Diodes connected to 110VDC Positive & negative supply.... two 110vDC power supply's are connected in parallel.

Dear Team,

We have two power supply's 110VDC connected in parallel to each other. Power diodes are being used in both 110VDC power supply's. I can understand the use of diode in Positive supply, it can block the reverse current flow in other power source if one of Power supply voltage get drop or failed. But what is the sue of diode in negative supply of 110vdc. Pl refer the attached screen shot & share your valuable comments. 

  • You don't say much about the DC supplies PS-1 and PS-2 themselves.

    The diodes would definitely be required in some circumstances, e.g. mid-point earthed systems.

  • Hi, The 110VDC supply's are coming from two different Battery chargers. So here two different 110VDC supply connected in parallel to form the redundancy & further feeding to common DC load. 

  • How is the battery (or DC system) earthed? Positive, negative, mid-point, or unearthed?

    If the battery is mid-point earthed, then the diodes will be required as per a mid-point earthed source.

    It would be unusual for a secondary battery installation to be floating unless it's used with an inverter system? If it's used with an inverter system, then that is the reason for the diodes, as the DC system will "pivot" around supply neutral.

  • The idea that the two diodes in the positive lines prevent feedback from one supply to the other, works only when the negative rails are common, as which ever supply is more positive the diode to the other supply is reverse biased (indeed no current can flow either way through  an anti- series pair of diodes which is in effect what D1 and D2 are)

    But as Graham notes, there may be a very good reason NOT to have the negative rails in common, either to break an earth loop, or to avoid problems during a fault to ground from one line or the other or indeed from the middle of the battery pack. And as a catch-all for this another pair of anti-series diodes, from the lower halves of D1/D2 is a cheap and easy solution.

    It is also the sort of thing we do with electronics that takes shore power and vehicle battery power when we are not too sure what the vehicle is going to be and if there is an earth path or not. (along with protecting against a whole load of other things like over voltage and reverse polarity sudden shut off and a really nasty surge test.)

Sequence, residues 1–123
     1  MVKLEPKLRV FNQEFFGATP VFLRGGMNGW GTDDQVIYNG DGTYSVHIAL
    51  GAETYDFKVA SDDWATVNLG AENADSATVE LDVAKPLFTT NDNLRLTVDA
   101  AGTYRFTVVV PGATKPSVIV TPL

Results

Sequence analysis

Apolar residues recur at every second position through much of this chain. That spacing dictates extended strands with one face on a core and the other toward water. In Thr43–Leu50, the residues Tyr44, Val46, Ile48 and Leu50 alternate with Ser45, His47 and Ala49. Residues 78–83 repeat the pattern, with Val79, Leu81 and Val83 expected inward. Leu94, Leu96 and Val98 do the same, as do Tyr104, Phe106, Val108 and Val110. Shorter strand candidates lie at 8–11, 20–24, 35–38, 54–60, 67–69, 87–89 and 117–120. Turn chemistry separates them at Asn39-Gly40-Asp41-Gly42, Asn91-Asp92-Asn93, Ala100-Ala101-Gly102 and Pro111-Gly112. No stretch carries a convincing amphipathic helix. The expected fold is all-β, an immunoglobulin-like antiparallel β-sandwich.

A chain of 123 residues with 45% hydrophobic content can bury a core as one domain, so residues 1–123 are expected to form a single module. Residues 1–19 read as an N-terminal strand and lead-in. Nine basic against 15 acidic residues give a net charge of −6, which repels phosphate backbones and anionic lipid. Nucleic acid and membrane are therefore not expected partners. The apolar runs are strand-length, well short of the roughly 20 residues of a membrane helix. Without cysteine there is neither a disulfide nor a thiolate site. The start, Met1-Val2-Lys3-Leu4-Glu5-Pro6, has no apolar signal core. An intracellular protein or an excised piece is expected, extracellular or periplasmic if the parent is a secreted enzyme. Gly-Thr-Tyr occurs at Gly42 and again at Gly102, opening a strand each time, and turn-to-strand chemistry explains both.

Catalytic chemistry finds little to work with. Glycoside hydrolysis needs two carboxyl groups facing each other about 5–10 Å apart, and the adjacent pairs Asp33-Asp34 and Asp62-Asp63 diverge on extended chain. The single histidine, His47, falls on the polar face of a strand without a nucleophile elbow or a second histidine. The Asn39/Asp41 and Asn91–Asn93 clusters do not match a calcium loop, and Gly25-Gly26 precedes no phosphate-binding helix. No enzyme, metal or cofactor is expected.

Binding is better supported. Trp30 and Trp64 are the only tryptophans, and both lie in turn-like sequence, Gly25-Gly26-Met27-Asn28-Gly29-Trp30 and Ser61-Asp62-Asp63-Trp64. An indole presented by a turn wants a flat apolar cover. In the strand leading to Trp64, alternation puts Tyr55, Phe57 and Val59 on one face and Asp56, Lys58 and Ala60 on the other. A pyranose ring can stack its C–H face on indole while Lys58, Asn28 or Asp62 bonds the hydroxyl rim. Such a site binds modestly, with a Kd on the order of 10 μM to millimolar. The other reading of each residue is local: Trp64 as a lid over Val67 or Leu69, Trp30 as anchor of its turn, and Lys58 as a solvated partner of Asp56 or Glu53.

• I would take out the diodes in the negative line  I can't see they even have a reason to be there. My mate had 2 10 amp 13.5 volt psu both proper transformer supply's anyhow he used a diode in the positive line of each unit to stop backfeeding but solidly linked the negatives

  • I would take out the diodes in the negative line 

    Oooh - definitely not in mid-point earthed systems, and some other applications like DC charging batteries feeding inverters. If the -ve line is not "common" as Mike says, it's effectively another line conductor, with opposite polarity.

  • And as above in systems where the negative is common, and does not have series metering, or float, it makes perfect sense, so your mate is perfectly OK, in a 'negative earth' world where both supplies and the load are known. Not all systems are like that. If you make kit that may be used anywhere you have to assume it may not be.


  • Even in "-ve earth" systems there might be a good reason for doubling up on the diodes - e.g. if you want the system to remain safe if one diode fails short-circuit. Of course you could just have two in series on the +ve line for the same effect, but one on each line may be simpler from a physical layout point of view.

       - Andy.